Rob:  If Charles flew detectives over there, but they found out you and I were with Charles and Claire, then everything would be okay.  You believe that, Julie?
Julie:  Yes, because we’d be chaperones.  We could testify that they were with us all the time and that Claire and I slept in one cottage and (pause) you and Charles slept in the other.  (giggle)
Rob:  You’re soft.  First you have me in a plane he’s flying until it runs out of gas.  And now this.  I should think you would giggle. (beat) Can we stop talking about Charles? I feel as if he practically lives with us. Can we forget him for five minutes?
(Rob exits stage right) (Charles enters stage right)
Charles:  I had a dream about you last night. We were still married, but we were having a terrible fight.  I'd done something very, very wrong.  I'd been carrying on with another woman and boy, were you mad when you found out about it.  What kind of annoyed me was the fact that I'd been having this torrid affair and I couldn't remember any of the details— "
Julie:  I’m not liking this dream so far.
Charles:  — but it was obvious that you were right, I was guilty as sin.  And I didn't know what you were going to do about it—
Julie:  I do!
Charles:  —there wasn't any talk of divorce or any nice, clean‑cut, Get the hell out, we're through.  All I knew was you were trying to make my life as miserable as possible and were succeeding all too well.
Julie: It sounds as if you deserved it.
Charles:  Next thing I knew, I'd landed in Germany somehow or other, and I found myself walking past a burlesque house.  “I'll fix her,” I said to myself, so I walked up to this old hag who was standing outside and asked her how much it cost to go in.   She said, “Twenty-five cents, fifty cents, and a dollar.” I said I’d take the 25-cent ticket and she acted as if I was the world's worst cheapskate. She wheedled and cajoled and gave me this big sales talk about how lousy the 25-cent seats were and how much better I could see with a higher‑priced ticket.  Finally I agreed to pay 75 cents, and then what do you think happened?" 
Julie:  You got the crabs, I hope.
Charles:  No, I left the crab at home. (Julie takes a mock swing at Charles))  What happened was that I woke up.   That really fries me because it's so unfair!  After going through all the agony of fighting with you and not being able to remember anything about the fun I'd supposedly had, I go all the way to Germany, spend 75 cents, and don't even get to see the show from a 25-cent seat!"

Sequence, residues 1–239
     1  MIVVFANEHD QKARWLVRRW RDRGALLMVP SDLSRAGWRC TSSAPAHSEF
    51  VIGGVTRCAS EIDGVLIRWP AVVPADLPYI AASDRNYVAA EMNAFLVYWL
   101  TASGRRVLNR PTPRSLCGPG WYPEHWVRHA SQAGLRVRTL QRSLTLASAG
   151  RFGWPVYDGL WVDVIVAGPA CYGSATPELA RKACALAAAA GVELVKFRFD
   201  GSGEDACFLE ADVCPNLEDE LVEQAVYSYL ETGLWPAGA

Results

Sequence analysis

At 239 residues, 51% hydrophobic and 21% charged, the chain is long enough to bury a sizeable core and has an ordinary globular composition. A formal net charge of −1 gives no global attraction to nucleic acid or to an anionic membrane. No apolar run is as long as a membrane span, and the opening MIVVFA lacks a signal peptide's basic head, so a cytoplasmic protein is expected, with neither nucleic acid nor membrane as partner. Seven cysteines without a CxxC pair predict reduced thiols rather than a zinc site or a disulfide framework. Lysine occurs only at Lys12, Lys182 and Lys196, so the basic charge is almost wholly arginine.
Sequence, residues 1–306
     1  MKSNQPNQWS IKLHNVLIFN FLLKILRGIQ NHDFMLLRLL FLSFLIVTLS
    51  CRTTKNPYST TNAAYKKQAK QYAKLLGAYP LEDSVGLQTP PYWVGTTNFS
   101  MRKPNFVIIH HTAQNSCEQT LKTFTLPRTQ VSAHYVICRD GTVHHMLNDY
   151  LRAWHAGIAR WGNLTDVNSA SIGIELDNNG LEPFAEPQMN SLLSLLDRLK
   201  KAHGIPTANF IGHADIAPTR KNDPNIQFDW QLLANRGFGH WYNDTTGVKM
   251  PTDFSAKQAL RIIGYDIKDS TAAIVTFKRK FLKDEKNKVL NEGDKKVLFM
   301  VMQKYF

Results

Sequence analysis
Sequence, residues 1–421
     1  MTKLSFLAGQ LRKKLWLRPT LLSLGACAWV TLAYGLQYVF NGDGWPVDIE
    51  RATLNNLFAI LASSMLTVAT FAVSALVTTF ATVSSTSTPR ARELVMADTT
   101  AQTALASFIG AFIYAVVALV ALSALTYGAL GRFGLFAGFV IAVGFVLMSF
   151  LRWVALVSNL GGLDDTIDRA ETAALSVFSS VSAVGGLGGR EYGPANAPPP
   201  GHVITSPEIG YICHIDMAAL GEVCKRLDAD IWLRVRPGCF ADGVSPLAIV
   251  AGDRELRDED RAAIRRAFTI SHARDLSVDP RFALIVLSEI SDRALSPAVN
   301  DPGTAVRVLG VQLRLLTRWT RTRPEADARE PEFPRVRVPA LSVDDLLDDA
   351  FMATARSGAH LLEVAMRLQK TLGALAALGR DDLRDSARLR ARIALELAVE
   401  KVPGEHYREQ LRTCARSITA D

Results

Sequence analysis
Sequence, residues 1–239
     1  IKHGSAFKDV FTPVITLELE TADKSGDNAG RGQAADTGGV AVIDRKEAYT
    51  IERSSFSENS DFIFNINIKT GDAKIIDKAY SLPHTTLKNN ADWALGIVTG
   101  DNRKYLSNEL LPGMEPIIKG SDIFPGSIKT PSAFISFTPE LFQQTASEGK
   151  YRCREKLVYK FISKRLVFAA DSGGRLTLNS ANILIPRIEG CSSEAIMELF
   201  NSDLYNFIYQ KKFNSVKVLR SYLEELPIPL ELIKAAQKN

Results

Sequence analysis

Julie:  What a shame!  What a missed opportunity!  Way over there where I couldn't check up on you.
Charles:  Oh, yes you could!  That was another thing in the back of my mind.  I knew I'd never get away with it, one way or another you'd know.
Julie:  That’s a very unfriendly dream.  I’m going to call Dan and ask him if that’s one more grounds for divorce. 
Charles:  I suppose you remember what day next Saturday is?
Julie:  Of course I do.  I was at a party, sitting on the ping-pong table, and you asked me to dance.
Charles:  Forty years ago!  It’s such a special occasion, how about letting me take you out to dinner to celebrate.
Julie:  What about your new girlfriend?
Charles:  Felicity is a good kid. Amazingly tolerant.  She won’t object.  Julie Baby, I know you don’t approve of my newest girlfriend, and I can tell you exactly what you can do to keep me from marrying her.
Julie:   Is this Proposition number 22 B?
Charles:  It’s a genuine 18-carat marriage proposal.  You marry me.
Julie (shocked): But what about Rob, Charles?  You wouldn’t steal his girl away, would you?
Charles: Penis erectus non conscientious est.  (Grinning at audience.) Translation:  All’s fair in love and war.
Julie:  Pretty funny, but I’m not the same woman you used to know.  I don’t need to have a man in my life to be fulfilled.
Charles:   Balderdash.  No hot-blooded woman like you is going to slam the door on penis erectus.
Julie:  Ouch!
(Charles exits stage right.)
Reminiscing Julie:  Rob also persisted in his courtship, but the longer we knew each other the more we squabbled. We had a lot of arguments about our opposite views on everything, including the Persian Gulf War. 
Julie:  I’m so upset about the President sending American troops off to the Middle East that I can’t even stand to watch the news.
Rob:  You have to recognize that sometimes American help is needed.  The Iraqis invaded Kuwait. They had no right to do so. Somebody has to stop them.  You’d realize that if you weren’t such a bleeding-heart liberal.
Julie:  And you’re a bloody hawk!  Eisenhower wasn’t a hawk.  Remember how he warned us not to cater to the military industrial complex?  It’s as if we had this huge monster on a leash, demanding to be fed regularly.
Rob:  Is that a shot at me?
Julie:  Of course not.  All you ask is your cup of coffee and your cigarette.  But every time we, the great US of A—quote unquote— “help” people, thousands of innocent people die, their homes are destroyed, it’s a tragedy for everybody.